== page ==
5 Website Metrics You Absolutely Have to Track

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Google Analytics Online marketers have a notorious (and unfortunate) reputation for not being able to concretely demonstrate the ROI of the services they provide. This statement holds true even with sophisticated marketing, tracking and analytical tools because it can be very difficult to determine where sales come from.

For example, if someone reads your blog for 6 months and then suddenly decides to give you a call, how do you attribute all revenue generated from this client to your internet marketing efforts?  If you ask them about what convinced them to work with you, will they simply say “the blog?”. Probably not. Besides, how did they find your blog in the first place?

Even though you can’t always precisely track your website and marketing ROI, you can track some very important metrics which tell you how successful your marketing efforts are and how well your website is converting.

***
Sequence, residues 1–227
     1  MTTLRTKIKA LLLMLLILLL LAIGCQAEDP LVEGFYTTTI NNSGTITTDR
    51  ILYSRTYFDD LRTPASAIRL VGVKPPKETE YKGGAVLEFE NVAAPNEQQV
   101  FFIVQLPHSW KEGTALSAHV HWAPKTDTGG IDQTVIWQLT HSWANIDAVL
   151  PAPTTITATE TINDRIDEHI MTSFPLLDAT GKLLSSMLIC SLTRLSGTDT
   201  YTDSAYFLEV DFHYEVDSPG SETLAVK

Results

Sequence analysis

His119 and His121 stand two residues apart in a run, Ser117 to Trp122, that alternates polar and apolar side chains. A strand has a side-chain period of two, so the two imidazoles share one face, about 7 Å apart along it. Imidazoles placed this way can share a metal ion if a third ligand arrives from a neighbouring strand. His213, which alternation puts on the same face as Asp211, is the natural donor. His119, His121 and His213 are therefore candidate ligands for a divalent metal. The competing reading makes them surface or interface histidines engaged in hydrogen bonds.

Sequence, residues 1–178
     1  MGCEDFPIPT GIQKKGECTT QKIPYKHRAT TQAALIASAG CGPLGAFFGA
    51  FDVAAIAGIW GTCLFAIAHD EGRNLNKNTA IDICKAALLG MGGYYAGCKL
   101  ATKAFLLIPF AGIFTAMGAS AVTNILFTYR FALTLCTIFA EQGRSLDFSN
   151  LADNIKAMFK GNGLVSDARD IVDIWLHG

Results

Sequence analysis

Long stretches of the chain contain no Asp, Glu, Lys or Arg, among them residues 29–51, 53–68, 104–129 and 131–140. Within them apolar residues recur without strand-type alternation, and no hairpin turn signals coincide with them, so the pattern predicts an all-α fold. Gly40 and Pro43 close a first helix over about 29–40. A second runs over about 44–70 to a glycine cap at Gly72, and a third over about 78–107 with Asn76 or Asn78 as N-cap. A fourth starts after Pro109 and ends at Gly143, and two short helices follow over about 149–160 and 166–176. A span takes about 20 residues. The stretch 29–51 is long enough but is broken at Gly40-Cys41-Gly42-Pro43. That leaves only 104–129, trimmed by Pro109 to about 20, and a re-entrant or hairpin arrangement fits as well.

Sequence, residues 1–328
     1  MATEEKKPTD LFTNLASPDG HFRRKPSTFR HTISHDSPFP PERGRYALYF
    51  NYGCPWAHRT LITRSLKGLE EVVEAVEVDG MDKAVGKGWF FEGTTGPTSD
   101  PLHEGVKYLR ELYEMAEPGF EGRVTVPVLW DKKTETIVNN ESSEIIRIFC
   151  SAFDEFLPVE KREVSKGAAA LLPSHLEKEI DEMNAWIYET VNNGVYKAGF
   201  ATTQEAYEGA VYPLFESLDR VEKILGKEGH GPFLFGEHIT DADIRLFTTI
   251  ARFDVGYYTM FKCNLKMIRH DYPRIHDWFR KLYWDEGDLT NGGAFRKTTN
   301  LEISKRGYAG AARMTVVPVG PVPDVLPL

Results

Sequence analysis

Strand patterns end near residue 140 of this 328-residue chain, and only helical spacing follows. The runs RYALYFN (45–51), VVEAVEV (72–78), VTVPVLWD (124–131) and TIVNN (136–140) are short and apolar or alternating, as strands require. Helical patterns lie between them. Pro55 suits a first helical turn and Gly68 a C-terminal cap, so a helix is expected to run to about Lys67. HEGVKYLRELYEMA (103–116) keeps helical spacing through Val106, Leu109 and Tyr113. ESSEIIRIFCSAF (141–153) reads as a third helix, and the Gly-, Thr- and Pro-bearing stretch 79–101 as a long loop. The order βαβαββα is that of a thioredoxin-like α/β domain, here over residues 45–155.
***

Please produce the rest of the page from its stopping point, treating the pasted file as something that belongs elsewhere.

Here are 5 of the TOP Google Analytics metrics we recommend you track:

1.      Bounce Rate

This metric measures how many people view only one page on your website and then leave.  A fair to good rate is somewhere between 40 – 60%. If your rate is any higher than 60%, your page (or ad copy) likely isn’t resonating with your visitors well. Look for low bounce rate pages and compare them to pages with high bounce rates to evaluate the differences. Once you’ve identified the “bad” pages you can work on the headline, copy, images, etc. and improve the content there for a better user experience, which should lead to lower bounce rates.

2.      Conversion Rate

Your conversion rate measures how many people took the desired action on a particular page, or perhaps across your entire website. For example, conversions could be the number of people who download a free report, contact you using your online form, subscribe to a newsletter or purchase a certain product. If your website has low conversion rates, you know that the offer isn’t compelling enough or that the ad/organic keyword they clicked through from wasn’t relevant enough to the goal of the page. Make sure your keyword strategy, ad copy and website information match for improved conversion rates. And don’t forget to add a clear, compelling call to action on EVERY page of your website.

3.      Traffic Sources